Immerse Yourself in AR

Pokémon Go has entertained and consumed millions, but there are plenty more games that mix AR with real life in fun and fascinating ways. Here’s three to get you started.

Zombies Run1. Zombies, Run!

Available on both iOS and Android, this is a great workout app, especially if you hate working out. After all, what better motivation is there than being chased by zombies?



Starwalk2. StarWalk

Perfect for all the astronomical nerds out there and available on iOS, Android, Kindle Fire, and Windows, the app lets you identify the celestial bodies and figure out where to see other points in the sky.



Fieldtrip3. Field Trip

Offered on iOS and Android, this is less of a game and more of an interactive tour guide to get you to points of interest, plus strange historical sites, shops, and hidden dining and drinking spots.



Things are advancing quickly: a surgeon in England live-streamed the first operation in 360-degree video, the Department of Defense is experimenting with virtual versions of Iraq and Afghanistan to help soldiers with PTSD, astronauts at NASA are training with it, and cruise industry shipyard Meyer Werft has a VR lab that allows the naval architects, engineers, and designers to “tour” ships in pre-construction, helping to eliminate potential design flaws before they become actual flaws.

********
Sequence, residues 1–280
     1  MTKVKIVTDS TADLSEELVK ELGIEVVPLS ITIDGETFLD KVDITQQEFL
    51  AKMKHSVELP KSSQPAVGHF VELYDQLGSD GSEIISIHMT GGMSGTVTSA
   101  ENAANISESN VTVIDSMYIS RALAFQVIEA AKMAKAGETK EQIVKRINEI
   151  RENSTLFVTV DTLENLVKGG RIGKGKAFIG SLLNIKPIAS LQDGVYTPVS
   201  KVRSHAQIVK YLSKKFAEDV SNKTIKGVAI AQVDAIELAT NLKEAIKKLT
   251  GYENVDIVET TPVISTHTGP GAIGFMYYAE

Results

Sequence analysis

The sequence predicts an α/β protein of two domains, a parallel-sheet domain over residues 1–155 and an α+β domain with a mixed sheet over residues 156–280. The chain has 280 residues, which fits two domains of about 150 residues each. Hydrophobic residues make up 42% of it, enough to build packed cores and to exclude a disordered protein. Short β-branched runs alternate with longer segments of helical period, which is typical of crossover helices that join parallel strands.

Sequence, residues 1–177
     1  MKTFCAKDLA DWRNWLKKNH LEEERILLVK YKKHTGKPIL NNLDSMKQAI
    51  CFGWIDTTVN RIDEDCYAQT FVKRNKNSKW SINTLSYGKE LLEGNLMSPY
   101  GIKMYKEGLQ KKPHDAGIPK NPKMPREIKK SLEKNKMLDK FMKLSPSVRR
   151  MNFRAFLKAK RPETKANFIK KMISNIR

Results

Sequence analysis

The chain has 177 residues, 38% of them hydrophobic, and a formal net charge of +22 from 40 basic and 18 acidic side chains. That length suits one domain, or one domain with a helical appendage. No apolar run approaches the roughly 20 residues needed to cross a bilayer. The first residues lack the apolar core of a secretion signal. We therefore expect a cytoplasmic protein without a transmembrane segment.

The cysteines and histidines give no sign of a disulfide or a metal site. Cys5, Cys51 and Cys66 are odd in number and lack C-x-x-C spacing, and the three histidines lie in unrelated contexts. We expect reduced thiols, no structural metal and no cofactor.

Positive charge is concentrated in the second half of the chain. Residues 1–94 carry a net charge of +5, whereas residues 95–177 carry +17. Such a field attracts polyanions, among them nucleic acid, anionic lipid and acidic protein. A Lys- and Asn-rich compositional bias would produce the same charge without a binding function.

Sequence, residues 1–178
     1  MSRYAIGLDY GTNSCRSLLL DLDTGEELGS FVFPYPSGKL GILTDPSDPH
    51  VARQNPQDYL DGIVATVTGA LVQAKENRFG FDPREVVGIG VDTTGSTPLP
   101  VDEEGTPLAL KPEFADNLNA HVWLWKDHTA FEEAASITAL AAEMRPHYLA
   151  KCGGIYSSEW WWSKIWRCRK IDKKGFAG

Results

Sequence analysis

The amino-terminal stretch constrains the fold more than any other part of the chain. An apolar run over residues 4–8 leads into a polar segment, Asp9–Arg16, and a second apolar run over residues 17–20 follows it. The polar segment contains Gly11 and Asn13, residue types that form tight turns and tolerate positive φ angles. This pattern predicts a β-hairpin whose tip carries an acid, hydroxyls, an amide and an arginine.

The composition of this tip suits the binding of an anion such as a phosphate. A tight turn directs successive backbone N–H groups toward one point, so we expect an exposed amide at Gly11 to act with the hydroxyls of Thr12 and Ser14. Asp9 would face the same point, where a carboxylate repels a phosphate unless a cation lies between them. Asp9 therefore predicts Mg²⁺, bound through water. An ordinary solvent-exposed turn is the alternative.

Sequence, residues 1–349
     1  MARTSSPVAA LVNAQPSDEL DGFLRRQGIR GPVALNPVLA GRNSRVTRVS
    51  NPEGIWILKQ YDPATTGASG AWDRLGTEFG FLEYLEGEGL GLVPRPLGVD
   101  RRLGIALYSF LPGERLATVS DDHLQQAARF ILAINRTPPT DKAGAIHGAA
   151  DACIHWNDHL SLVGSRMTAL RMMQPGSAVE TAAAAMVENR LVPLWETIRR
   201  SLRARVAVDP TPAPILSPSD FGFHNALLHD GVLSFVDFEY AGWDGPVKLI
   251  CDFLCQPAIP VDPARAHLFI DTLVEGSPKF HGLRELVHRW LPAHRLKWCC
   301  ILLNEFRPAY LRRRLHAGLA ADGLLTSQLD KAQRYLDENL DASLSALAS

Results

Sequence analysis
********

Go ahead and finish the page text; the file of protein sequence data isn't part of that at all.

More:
And now the path of VR progression is leading to Augmented Reality worlds—meaning technology that allows us to overlay virtual content onto real time objects. For a few years, AR wasn’t even in the headlines, as most people focused on the possibilities of VR with the aforementioned headsets. In 2013, Google tried to bring it to the masses with the launch of Google Glass, a wearable computer in the form of sleek glasses that retailed around $1,500. It fell short of expectations.

Pokémon Go App

Pokémon Go took the app market by storm in 2016.


Enter Pokémon Go. When it came out, many scoffed at the game that uses your phone’s GPS to detect where you are and make digital monsters “appear” around you. But it rapidly became a sensation with a cult-like following of fans gathering everywhere to “catch” pocket creatures. According to Fortune magazine in July 2016, “Yes, Pokémon may be a game for teens and millennials, but it has irrevocably changed societal expectations of what information is presented and how it is accessed.”